These short prophetical announcements, in number 112....They are enunciated under mystical titles.... Again, the name accords often with some remarkable and rare circumstance in the pope's career; thus Peregrinus apostolicus (pilgrim pope), which designates Pius VI, appears to be verified by his journey when pope into Germany, by his long career as pope, and by his expatriation from Rome at the end of his pontificate. Those who have lived and followed the course of events in an intelligent manner during the pontificates of Pius IX, Leo XIII, and Pius X cannot fail to be impressed with the titles given to each by the prophecies of St. Malachy and their wonderful appropriateness: Crux de Cruce (Cross from a Cross) Pius IX; Lumen in caelo (Light in the Sky) Leo XIII; Ignis ardens (Burning Fire) Pius X. There is something more than coincidence in the designations given to these three popes so many hundred years before their time....The afflictions and crosses of Pius IX were more than fell to the lot of his predecessors; and the more aggravating of these crosses were brought on by the House of Savoy whose emblem was a cross. Leo XIII was a veritable luminary of the papacy. The present pope [St. Pius X] is truly a burning fire of zeal for the restoration of all things to Christ.
Now there is some doubt as to whether the last title, referring to "Peter the Roman" and "the coming of the Judge" was part of the original list of popes, but people tend to be frightened by it because they think it means the end of the world.

The patristic scholar Fr. Herman Kramer analyzed the Book of the Apocalypse in his 1955 work entitled The Book of Destiny. He studied what the Fathers and Doctors of the Church have written about the last book of the Bible and based his analysis on their writings. Fr Kramer, in discussing the "destruction of Rome," as prophetically described in the Apocalypse, believed that it does not necessarily indicate the end of the world but the end of an age. Judgment can come in many forms before the Second Coming and Final Judgment. War is a form of judgment. Fr. Kramer speculated, based upon the writings of the Fathers, that at some future date Rome would be destroyed in a war of some kind and when peace was restored, the new Pope would settle in Jerusalem, which would once more be the Holy City.

If the list of Popes is a true prophecy, it is no reason to be afraid but to prepare, especially by prayer. Most of all, prophecies of this kind are never to be put on the level of revealed doctrine, but are to be regarded with discernment, for what help they can give.

(Continued on Part 2, and discussion of Fr. Thibaut's book, HERE.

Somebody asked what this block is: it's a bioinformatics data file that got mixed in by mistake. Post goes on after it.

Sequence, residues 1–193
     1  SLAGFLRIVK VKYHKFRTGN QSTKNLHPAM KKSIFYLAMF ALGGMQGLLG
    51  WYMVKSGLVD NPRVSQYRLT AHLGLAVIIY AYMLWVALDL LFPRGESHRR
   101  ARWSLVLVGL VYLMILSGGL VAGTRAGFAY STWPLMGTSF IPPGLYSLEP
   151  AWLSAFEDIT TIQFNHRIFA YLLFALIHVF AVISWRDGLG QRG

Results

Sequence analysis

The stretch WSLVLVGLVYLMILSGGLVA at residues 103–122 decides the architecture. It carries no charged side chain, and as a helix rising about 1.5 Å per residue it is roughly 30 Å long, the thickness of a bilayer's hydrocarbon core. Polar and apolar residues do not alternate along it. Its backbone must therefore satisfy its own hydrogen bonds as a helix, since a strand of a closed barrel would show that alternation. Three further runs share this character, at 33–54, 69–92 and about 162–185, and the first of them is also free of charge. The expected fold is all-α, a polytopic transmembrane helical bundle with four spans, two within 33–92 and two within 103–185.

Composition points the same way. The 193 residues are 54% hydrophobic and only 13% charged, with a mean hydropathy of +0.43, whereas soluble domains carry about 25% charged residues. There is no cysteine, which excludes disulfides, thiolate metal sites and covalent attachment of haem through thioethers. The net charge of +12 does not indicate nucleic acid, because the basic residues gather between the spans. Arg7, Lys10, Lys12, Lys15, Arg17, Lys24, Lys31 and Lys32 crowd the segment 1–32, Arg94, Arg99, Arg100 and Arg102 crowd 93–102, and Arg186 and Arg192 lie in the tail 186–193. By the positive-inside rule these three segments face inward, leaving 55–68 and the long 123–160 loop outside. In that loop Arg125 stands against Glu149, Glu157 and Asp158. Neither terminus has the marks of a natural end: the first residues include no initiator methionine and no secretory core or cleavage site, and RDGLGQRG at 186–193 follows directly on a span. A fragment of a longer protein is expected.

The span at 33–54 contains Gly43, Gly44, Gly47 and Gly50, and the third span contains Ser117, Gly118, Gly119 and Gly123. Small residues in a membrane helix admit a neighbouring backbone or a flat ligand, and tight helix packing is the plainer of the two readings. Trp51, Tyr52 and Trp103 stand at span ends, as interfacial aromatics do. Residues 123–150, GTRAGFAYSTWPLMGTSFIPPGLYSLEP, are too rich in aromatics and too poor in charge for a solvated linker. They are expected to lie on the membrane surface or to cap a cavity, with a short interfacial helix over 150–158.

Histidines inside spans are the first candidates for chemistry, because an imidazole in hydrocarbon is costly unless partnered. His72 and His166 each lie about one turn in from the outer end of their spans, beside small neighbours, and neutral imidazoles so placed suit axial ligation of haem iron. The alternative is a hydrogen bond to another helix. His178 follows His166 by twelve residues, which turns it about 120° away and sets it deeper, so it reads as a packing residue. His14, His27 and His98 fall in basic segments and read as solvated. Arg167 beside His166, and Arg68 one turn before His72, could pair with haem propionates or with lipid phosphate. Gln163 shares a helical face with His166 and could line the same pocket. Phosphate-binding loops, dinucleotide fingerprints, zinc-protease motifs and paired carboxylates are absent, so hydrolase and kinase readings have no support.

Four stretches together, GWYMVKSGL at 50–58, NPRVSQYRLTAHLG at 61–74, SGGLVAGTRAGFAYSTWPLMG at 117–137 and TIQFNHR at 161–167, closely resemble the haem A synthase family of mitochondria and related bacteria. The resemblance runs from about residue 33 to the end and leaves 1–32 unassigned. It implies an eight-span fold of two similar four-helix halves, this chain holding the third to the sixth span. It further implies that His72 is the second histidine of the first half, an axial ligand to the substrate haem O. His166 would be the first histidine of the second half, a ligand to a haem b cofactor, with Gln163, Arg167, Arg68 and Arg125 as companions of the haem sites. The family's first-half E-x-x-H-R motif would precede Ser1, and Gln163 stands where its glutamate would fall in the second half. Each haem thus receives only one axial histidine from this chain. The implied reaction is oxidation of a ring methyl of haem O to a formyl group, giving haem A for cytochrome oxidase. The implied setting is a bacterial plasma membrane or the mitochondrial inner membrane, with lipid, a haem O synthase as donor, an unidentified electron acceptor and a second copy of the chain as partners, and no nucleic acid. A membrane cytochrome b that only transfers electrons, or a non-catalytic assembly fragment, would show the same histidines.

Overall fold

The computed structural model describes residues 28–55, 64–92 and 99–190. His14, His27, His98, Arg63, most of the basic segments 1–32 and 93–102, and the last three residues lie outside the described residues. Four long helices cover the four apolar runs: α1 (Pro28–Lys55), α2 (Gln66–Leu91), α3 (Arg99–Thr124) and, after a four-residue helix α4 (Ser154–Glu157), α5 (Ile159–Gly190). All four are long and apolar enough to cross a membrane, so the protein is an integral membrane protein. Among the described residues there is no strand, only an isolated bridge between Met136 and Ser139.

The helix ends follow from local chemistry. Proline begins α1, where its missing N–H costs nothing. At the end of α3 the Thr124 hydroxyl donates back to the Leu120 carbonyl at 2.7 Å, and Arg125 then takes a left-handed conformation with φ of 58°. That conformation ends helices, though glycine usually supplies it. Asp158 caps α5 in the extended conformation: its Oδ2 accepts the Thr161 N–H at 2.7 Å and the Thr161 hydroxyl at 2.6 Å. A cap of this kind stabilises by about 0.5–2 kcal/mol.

29 posted on 03/11/2013 2:21:33 PM PDT by Brian Kopp DPM
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Friday, March 6, 2009

Prophecies of St. Malachy, Part 2

The 1980's were an interesting decade for Catholics. People were reading TAN Books and Fr. Gobbi, starting cenacles and dashing off to Medjugorje. There were also Latin Masses cropping up here and there. EWTN began to be seen more and more on cable television. It was a time when many people were talking about the coming chastisement, and hoarding blessed candles in preparation for the "three days of darkness." No one knew what was going to happen, but everyone knew it was imminent, whatever it was. All of this carried over into the 90's.

One night in 1991, a nice but mentally unsound lady called me up and offered me $2000 to go to Medjugorje, telling me the Blessed Mother had told her that I was supposed to go. I was teaching at the time and to go away would have caused serious inconvenience to the nuns who were my employers. I told the nice lady that I could not go and returned the check which she insisted on sending to me.

As time passed, I got tired of hysterical women telling me of their visions and I became wary of anything to do with Medjugorje. I wearied of people using religion and apparitions as an excuse for irresponsible behavior; of people running after visions and supernatural phenomena and then, as was occasionally the case, adopting immoral lifestyles. (Needless to say, I do know of some people who have had positive experiences and made enduring conversions at Medjugorje. Good for them.)

As I grew in Carmel, I identified more and more with the Dark Night of St John of the Cross and agreed with the Little Flower who said: "To ecstasies at Lourdes I prefer the monotony of sacrifice." Not that I have anything against Lourdes, having been there three times, but at some point we must all get down to the difficult job of living a life of virtue, day-by-day, in spite of aridities and trials.